History of Spoils Constructed format
by Terence Dorman
Check here for part 2.
There has been a lot of talk on the forums about the current constructed metagame and how it may change with the addition of Seed 3: Fall of Marmothoa. While I can't say for certain how the new cards are going to change the meta, I can talk about how the meta has morphed over the years.
Since Open Beta released in 2006, The Spoils has undergone numerous metagame changes, as any good collectible card game does. There have been shifts from aggro to control decks, mono-trade to triple-trade, and even legal to illegal.
While some of you reading this may have experienced these decks first hand, there are many new Spoils players popping up all over the globe that were not around for the early sets. This article is meant to educate all you new players about how constructed Spoils has transformed since its inception in 2006. Consider it a history lesson.
Writer's Note: Since there is a lot of ground to cover, I'm going to break up this history lesson into two parts. This, obviously, is part one.
The Spoils had arrived! Bursting on to the scenes with their innovative Open Beta program, The Spoils sent boxes of product around the globe to introduce stores and players to this exciting new game. Not wanting to give away the farm, though, Open Beta was an incomplete set (200 cards of what would later be 220) featuring unfinished sketch artwork and cards that were subject to change.
This did not stop a competitive scene from sprouting up, however. Even with Open Beta as their only “release,” Tenacious Games launched their STE Program during the Open Beta phase, holding numerous tournaments with exciting prizes. This caused both casual and tournament players alike to start building the first constructed metagame.
While many interesting decks were created during the Open Beta period, one deck shone bright above all of the rest. Dan Sotelo's (strmtrpr81 on the forums) innovative Research Investment deck dominated the tournament scene up until the release of First Edition: Part One, losing only to unfortunate circumstances such as threshold problems.
If you all think that the current Research Investment OTK deck is a problem then Dan's Open Beta version is the stuff of nightmares. Before First Edition: Part One, Research Investment was a much more powerful card and could be abused far more than it can be right now. If you don't believe me, see the picture in this article showing its original threshold and text.
Dan's deck capitalized on how overpowered this card was with a simple combo. He would use Research Investment, All Nighter, and Invent to build up his resources, similarly to how the current OTK deck functions. Then, at the end of his opponent's turn, he would launch a gigantic Micromajig Avalanche, providing himself with as many Micromajigs as he could afford.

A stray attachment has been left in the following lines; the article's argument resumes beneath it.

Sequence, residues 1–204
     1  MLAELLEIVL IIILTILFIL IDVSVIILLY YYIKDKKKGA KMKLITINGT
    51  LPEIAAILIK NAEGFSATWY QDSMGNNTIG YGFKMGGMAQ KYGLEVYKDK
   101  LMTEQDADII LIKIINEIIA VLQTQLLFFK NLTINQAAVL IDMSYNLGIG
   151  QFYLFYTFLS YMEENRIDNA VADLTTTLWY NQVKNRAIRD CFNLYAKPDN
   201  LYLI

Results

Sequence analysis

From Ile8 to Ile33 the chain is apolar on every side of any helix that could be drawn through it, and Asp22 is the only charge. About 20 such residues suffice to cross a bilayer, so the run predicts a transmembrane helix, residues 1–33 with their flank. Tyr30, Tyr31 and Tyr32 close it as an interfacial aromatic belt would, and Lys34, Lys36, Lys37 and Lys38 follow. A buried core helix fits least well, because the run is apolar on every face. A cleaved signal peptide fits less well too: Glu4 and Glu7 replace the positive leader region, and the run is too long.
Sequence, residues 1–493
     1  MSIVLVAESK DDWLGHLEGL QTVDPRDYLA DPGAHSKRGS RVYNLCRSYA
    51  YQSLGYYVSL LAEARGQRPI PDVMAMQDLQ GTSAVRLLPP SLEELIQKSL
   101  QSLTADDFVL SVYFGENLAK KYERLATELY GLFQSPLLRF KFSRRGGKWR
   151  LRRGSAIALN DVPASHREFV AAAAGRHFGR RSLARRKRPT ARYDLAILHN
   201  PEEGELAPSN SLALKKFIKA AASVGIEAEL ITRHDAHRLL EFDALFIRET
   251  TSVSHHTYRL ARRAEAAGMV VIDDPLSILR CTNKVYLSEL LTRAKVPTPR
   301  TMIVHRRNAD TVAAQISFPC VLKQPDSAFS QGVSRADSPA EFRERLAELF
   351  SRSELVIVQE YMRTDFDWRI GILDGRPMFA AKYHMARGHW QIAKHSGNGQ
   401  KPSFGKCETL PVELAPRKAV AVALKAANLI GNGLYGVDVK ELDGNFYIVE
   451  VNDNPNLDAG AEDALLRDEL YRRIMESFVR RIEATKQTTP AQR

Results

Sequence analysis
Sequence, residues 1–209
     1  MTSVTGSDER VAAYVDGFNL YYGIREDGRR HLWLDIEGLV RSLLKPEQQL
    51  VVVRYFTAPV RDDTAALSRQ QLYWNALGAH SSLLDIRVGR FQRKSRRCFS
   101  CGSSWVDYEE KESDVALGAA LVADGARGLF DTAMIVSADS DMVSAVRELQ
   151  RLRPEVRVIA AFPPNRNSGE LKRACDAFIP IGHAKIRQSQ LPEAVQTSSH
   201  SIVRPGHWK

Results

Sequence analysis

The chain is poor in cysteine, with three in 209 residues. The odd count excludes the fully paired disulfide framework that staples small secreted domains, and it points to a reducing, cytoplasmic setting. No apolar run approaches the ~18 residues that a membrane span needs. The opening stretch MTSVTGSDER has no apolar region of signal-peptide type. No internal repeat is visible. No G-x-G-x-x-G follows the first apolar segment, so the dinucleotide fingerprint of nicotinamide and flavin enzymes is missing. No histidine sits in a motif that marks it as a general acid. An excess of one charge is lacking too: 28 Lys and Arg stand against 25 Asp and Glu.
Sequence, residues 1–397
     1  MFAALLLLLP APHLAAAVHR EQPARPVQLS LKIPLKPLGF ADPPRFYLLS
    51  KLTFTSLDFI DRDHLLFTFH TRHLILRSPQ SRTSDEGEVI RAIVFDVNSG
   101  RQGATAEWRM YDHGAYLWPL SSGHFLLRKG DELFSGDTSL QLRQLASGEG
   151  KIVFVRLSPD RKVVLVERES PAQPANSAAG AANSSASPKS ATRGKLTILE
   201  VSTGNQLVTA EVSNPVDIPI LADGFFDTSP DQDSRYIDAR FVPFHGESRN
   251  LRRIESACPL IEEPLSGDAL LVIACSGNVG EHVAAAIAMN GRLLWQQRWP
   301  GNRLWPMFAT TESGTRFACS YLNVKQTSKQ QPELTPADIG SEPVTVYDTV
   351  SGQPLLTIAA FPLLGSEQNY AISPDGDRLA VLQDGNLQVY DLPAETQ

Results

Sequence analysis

Depending on the situation, Dan would then start his turn with either a Tactician's Vacation or Degenerate Molestation to make sure his opponent had no counters to what was coming. Once that was resolved, he would finish his opponent by buffing his Micromajigs with a Dragon's Anthem and punching through for victory.
While I cannot say this for sure, this deck was so powerful that it is likely the reason Research Investment was changed between Open Beta and First Edition: Part One. As you all know, Research Investment is still powerful, but is nothing compared to what it could do during the early days of The Spoils.
First Edition: Part One
With Dan's deck de-clawed and the addition of twenty new cards, Part One changed everything Spoils players knew about the constructed scene. Some decks carried over and remained viable, such as Voidal Poisoning token decks and Banker Beatdown, but none of them could hold a candle to what eventually emerged.
Appropriately titled “Deck Murder,” a Warlord/Rogue/Banker hybrid emerged that began to dominate the competitive events. The idea was simple: take all of the power house cards from the three “aggressive” trades and throw them into one deck. While many would think that threshold would be a problem for a deck like this, somehow it worked.
Abusing characters like Mau Tough, Menacing Mauler, and Pluck, Deck Murder would simply slam face first into any adversary. It can probably be considered one of the earliest versions of a Spoils rush deck, although it rushed in with big beefy characters rather than an onslaught of smaller ones. Couple this with the best kill cards from the three trades that have them and you have a scary combination.
While Deck Murder will probably be remembered as the most prominent and effective deck of the Part One era, there were a handful of other decks that showed competitive promise. As I mentioned before, Voidal Poisoning token decks existed right after the release of Part One, be it with a mono-Arcanist build or an Arcanist/Rogue hybrid.
Banker Beatdown, a mono-Banker deck, was also very popular as it was simple and fun to play. It functioned on playing the bigger characters afforded to Banker at the time and making up for their influence “costs” through the many Banker means of gaining influence. The general idea is that the Banker characters were more resource efficient if the influence loss could be managed, and in many cases this was absolutely true.
Be sure to check back next week as I'll continue the history of constructed Spoils!
Check here for part 2.